LECTIO DIVINA: 22nd Sunday in Ordinary Time, Cycle A


Mt. 16:21-27.

A. Invoking the Holy Spirit.

We invoke the Holy Spirit using the words of St. Augustine.

          Come, Holy Spirit, by whom every devout soul, who believes in Christ, is sanctified to become a citizen of the City of God! (en. Ps. 45:8) Come, Holy Spirit, grant that we receive the motions of God, put in us your flame, enlighten us and raise us up to God. (s. 128,4) Amen.

B. Lectio.

With heart well disposed, with serenity, read slowly the following words, savoring them and allowing yourself to be touched by them.

          21 From that time on, Jesus began to show his disciples that he must go to Jerusalem and suffer greatly from the elders, the chief priests, and the scribes, and be killed and on the third day be raised. 22 Then Peter took him aside and began to rebuke him, God forbid, Lord! No such thing shall ever happen to you.” 23 He turned and said to Peter, “Get behind me, Satan! You are an obstacle to me. You are thinking not as God does, but as human beings do.”

          24 Then Jesus said to his disciples, “Whoever wishes to come after me must deny himself, take up his cross, and follow me. 25 For whoever wishes to save his life will lose it, but whoever loses his life for my sake will find it. 26 What profit would there be for one to gain the whole world and forfeit his life? Or what can one give in exchange for his life? 27 For the Son of Man will come with his angels in his Father’s glory, and then he will repay everyone according to his conduct.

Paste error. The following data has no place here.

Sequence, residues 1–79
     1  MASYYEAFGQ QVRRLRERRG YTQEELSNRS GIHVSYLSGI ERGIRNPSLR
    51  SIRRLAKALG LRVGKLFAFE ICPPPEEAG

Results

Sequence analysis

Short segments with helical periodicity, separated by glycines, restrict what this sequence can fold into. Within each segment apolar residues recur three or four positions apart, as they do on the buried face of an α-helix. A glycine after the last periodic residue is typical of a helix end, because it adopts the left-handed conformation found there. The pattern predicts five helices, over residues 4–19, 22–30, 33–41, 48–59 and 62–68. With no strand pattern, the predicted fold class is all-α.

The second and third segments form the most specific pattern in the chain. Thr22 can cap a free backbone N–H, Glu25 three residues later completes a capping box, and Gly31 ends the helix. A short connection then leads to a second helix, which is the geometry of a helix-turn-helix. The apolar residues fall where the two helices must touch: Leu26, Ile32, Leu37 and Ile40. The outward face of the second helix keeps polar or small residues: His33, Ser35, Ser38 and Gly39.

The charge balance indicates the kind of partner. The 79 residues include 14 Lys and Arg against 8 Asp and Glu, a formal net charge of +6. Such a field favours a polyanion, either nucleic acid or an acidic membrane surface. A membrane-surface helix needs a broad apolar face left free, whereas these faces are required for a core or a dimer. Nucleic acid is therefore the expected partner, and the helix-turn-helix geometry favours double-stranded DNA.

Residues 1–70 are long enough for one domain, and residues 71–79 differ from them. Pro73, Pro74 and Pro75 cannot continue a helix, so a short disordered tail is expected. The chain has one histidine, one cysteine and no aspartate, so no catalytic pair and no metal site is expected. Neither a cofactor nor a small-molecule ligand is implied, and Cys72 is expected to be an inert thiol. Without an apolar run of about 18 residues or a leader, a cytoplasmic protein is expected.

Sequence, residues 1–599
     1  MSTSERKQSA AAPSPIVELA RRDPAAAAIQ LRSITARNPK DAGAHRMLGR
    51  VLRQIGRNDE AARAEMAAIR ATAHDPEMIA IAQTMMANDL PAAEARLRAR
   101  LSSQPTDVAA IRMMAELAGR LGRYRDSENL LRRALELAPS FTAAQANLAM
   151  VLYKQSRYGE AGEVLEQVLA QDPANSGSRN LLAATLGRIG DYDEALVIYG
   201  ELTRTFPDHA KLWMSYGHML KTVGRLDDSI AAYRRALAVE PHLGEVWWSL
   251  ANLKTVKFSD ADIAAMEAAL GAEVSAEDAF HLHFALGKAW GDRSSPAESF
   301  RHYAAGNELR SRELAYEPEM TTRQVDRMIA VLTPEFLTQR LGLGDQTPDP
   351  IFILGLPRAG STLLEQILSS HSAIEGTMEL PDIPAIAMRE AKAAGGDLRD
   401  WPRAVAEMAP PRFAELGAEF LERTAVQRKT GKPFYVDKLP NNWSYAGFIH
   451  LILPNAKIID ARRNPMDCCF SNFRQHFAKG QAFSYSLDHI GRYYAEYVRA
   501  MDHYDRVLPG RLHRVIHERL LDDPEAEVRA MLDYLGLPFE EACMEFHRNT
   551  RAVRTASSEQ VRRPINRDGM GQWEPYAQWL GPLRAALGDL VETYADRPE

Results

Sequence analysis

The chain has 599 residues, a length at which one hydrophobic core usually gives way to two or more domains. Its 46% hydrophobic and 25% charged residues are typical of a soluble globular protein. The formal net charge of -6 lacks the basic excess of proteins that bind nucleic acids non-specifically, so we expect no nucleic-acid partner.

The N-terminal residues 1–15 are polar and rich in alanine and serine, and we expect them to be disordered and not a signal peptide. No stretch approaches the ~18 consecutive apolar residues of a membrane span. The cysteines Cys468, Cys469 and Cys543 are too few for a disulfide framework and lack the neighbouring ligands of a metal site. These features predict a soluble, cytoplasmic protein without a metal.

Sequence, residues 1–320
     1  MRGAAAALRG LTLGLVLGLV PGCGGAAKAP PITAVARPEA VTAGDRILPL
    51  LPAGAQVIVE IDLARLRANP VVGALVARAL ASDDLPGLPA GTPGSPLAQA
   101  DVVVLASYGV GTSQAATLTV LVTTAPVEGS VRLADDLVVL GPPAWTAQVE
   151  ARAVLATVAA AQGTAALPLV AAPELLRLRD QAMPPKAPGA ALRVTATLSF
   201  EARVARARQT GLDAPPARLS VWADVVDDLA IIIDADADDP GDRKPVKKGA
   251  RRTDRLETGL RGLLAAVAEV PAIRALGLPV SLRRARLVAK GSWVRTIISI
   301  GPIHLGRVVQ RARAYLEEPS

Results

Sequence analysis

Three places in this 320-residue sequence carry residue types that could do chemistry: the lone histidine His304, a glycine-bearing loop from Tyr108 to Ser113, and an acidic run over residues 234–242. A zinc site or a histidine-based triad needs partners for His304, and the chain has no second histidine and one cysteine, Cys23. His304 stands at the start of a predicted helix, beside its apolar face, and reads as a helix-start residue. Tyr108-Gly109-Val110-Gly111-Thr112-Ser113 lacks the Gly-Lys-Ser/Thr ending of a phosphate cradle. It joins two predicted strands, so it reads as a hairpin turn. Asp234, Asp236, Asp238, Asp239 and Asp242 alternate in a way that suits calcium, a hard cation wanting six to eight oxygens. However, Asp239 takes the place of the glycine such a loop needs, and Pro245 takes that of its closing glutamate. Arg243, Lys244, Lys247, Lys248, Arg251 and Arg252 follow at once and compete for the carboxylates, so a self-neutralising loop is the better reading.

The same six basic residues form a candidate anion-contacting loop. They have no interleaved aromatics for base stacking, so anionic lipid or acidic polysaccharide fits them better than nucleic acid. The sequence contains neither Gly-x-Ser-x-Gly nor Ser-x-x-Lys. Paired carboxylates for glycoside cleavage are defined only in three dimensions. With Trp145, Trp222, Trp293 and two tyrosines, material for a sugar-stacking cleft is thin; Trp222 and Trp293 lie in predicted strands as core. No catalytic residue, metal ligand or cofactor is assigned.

C. Meditatio.

Let us now meditate with the commentary of St. Augustine on these words of the Gospel according to St. Matthew.

          “Actually, to the Lord, who had come to die so that they may not die, they wanted to advise him not to die. Similarly, in another place, St. Peter, who loved the Lord but as yet did not fully understand why he had come, feared that he would die, and displeased Life, i.e., the Lord himself. Thus, when he indicated to the disciples that he was going to suffer in Jerusalem in the hands of the Jews, Peter replied and affirmed among the others: “God forbid, Lord! No such thing shall ever happen to you.” And immediately the Lord said: Get behind me, Satan, because, you do not think as God does, but as human beings do. But a little earlier, because he confessed him as Son of God, he merited praise; actually he heard: Blessed are you, Simon, son of Jonah, because flesh and blood have not revealed it to you, but my Father who is in heaven. He to whom he had said: “Blessed are you,” now he says: “Get behind me, Satan.” He was blessed not for his own sake but, for what reason? Because flesh and blood did not reveal it to you, but my Father who is in heaven. This is why you are blessed: not for what is yours but for what is mine; not because I am the Father, but because everything the Father has is mine. If blessed because of the Lord, then why Satan? He says it there; in his own words he gave the reason: “Flesh and blood has not revealed it to you, but my Father who is in heaven; this is the reason for your being blessed. On the other hand, as regards to what I said: “Get behind me Satan,” hear also the reason for this act: because “you do not think as God does, but as human beings do.” Therefore, let no one flatter himself: by yourself you are Satan, by God you are blessed. Therefore, what does “by yourself” mean if not by your sin? Remove the sin, what is yours? “Justice, he affirms, proceeds from me,” since what do you have that you have not received?